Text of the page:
Jesus empowered people who were disabled, giving them choices over their future. Is the modern Church as welcoming, especially towards those who have been disabled from birth?
Scope, the charity for people with cerebral palsy, has launched what it has termed an ‘End the Awkward’ campaign, designed to help people relate more naturally to disabled people. The use of that fashionable word ‘awkward’, beloved of the millennial generation, is well chosen. The national survey to launch the campaign found that younger people were more likely to have negative attitudes to disabled people than older people. Two thirds of all people surveyed felt awkward around disabled people, mainly out of anxiety for doing or saying the wrong thing. Most surprising of all, perhaps, nearly half did not personally know someone who was disabled. This suggests we are much less integrated as a nation than we would like to think.
The attitude of the different religions to disability sometimes leaves a lot to be desired, and the Church is no exception. While legislative changes to make places of worship more accessible have also effected cultural change, making people more aware of the needs of others, there are still disquieting pockets of opinion which see the disability of another person as a challenge which must be overcome, without any empathy for the object of their pity or any sense of how God may be at work in them.
The account of the healing of Bartimaeus informs us in subtle, easily missed ways of the bespoke love God has for every person and how he empowers them.
In Mark 10:46, Jesus was leaving Jericho, his business done. He was constantly surrounded by swarms of people who wanted to live in his reflected glow, eager for something spectacular to happen. Crowds like this tend to be unsympathetic to those who get in their way – and so it proved. Bartimaeus was poor and blind. As so often happens, the disability made it impossible for him to make a living and so became aggravated by poverty. He was also reliant on others to interpret the world around him, which was how he discovered Jesus of Nazareth was passing. He began to cry out: ‘Son of David, have mercy on me!’ The crowd did not want a demented man on the fringes ruining the momentum of Jesus’ entourage but Bartimaeus was not to be deterred. His embarrassing persistence paid off when Jesus stopped in his tracks and called him.
What happens next is easily overlooked, but possibly more important than the healing itself. Jesus does not presume to cure him of his blindness; instead he asks Bartimaeus: ‘what do you want me to do for you?’ From a lifetime of being told what to do and where to sit, Bartimaeus is suddenly propelled into the white spotlight of the attention of the Son of God, who promptly hands him the script: ‘What do you want, Bartimaeus?’ It was a subtle and moving act of empowerment. Bartimaeus was at last in control. He knew what he wanted. Jesus knew what he wanted – everyone guessed he wanted his sight back – but the choice was his alone.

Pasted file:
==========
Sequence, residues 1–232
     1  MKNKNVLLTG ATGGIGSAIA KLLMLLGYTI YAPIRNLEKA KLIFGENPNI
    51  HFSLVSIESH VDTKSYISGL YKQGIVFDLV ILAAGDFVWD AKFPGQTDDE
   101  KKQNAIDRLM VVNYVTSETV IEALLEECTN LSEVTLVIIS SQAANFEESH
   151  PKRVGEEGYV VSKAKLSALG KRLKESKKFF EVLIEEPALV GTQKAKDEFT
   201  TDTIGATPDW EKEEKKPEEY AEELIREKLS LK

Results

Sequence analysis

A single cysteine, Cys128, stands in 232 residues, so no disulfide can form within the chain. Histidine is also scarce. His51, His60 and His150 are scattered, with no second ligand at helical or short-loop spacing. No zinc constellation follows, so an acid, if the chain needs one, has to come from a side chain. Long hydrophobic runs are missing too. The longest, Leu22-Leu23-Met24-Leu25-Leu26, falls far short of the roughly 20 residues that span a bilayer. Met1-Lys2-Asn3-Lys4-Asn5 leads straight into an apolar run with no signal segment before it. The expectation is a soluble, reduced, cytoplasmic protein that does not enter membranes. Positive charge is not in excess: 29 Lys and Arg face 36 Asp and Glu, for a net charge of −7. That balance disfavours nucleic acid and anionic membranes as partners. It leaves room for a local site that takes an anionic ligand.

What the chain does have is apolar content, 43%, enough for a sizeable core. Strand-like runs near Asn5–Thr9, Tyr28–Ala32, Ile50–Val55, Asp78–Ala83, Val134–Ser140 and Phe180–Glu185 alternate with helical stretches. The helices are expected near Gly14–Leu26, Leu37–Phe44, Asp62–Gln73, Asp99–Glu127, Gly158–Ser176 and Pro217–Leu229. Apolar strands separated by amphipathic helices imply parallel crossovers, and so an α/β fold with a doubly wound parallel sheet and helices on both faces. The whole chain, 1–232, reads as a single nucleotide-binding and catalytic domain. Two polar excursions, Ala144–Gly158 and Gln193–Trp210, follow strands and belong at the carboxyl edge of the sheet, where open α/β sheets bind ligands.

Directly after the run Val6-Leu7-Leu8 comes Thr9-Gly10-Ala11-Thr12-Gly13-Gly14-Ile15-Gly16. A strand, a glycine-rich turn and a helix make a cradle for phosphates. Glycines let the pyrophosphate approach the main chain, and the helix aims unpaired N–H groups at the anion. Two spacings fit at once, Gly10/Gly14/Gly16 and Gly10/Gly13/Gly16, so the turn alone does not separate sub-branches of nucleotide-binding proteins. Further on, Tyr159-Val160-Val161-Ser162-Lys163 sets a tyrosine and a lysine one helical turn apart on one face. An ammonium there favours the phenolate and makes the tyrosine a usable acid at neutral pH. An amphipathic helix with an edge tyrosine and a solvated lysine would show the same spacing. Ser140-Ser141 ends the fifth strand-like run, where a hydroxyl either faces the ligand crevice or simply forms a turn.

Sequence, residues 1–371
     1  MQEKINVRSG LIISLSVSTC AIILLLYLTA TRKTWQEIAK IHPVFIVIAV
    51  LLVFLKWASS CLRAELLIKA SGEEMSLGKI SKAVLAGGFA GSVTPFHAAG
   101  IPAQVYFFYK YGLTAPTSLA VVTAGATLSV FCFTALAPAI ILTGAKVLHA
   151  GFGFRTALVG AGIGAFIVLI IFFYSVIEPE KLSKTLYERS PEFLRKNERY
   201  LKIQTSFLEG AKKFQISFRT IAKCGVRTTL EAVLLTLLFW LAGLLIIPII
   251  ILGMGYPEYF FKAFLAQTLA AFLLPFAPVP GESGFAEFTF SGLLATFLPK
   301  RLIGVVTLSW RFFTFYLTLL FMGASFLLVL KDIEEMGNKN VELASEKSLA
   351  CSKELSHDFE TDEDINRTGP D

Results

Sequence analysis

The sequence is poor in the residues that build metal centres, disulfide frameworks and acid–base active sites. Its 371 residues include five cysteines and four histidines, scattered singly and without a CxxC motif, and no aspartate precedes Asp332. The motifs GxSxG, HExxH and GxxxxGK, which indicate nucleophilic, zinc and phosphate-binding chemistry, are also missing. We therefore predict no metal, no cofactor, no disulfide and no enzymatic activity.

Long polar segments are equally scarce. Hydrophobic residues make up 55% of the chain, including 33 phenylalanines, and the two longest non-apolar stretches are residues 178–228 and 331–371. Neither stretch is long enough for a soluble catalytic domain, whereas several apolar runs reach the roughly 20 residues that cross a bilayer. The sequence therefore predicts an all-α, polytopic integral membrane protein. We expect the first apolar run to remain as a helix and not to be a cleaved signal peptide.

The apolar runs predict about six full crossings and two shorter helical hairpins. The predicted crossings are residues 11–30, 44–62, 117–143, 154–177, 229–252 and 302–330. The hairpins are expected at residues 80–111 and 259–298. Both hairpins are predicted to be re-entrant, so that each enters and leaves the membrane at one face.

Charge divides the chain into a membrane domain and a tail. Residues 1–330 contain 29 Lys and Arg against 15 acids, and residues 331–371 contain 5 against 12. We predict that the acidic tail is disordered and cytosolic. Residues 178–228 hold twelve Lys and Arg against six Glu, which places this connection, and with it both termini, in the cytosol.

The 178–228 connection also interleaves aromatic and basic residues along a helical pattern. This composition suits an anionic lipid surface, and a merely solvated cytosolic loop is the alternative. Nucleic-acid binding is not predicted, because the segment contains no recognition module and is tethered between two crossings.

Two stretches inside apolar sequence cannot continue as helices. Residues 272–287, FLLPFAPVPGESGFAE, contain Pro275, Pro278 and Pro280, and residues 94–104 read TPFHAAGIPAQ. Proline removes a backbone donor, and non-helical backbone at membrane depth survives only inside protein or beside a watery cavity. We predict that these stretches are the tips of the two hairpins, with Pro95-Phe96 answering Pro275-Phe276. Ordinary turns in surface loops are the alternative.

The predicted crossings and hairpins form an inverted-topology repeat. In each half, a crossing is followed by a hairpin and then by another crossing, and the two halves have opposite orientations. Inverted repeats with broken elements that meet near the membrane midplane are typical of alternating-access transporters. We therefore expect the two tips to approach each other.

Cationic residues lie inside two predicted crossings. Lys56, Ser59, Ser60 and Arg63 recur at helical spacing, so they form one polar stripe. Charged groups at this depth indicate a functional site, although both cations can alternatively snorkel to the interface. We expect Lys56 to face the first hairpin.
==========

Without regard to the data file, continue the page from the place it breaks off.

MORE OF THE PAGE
Jesus here showed a deep sensitivity to this blind man’s corroded personal dignity and began his restoration as a human being. On being cured, Mark says that Bartimaeus followed Jesus on the way. No-one had to help him; Bartimaeus could see where he was going. We often speak of healing as it is just something that happens to the body. The truth is deeper. Wholeness comes when people take their rightful place in the community, using the gifts God has given them and fulfilling their purpose in life for him.
The story may be placed where it is in Mark’s Gospel for a reason. According to Mark, just prior to leaving Jericho, James and John had been arguing about who was the greatest in the kingdom of God. When the other disciples overheard them, it led to an unseemly jostling of egos which Jesus had to sort out. It is as if Mark is saying to his readers: the disciples of Jesus could see with their eyes but were blind in their hearts, while Bartimaeus was blind in his eyes but could see in his heart that Jesus was the Messiah who said that the meek would inherit the earth.
Sometimes in politically correct circles, disabled people are described as ‘differently abled’. This is not as daft as those who scoff would like to believe, for blind people learn to see with their ears and hands while deaf people learn to hear with their eyes. Bartimaeus saw the truth before many of those around him who had perfect vision.
The culture of the modern Church should be open to disabled people, which means listening to their stories and taking their contribution seriously. Many church members who are disabled have become so through advancing age, which places emotional, physical and spiritual strains on both them and their carers. But what of those who are disabled from birth, like Bartimaeus? It is unsettling, and perhaps telling, that there are proportionately far fewer of them in our congregations.
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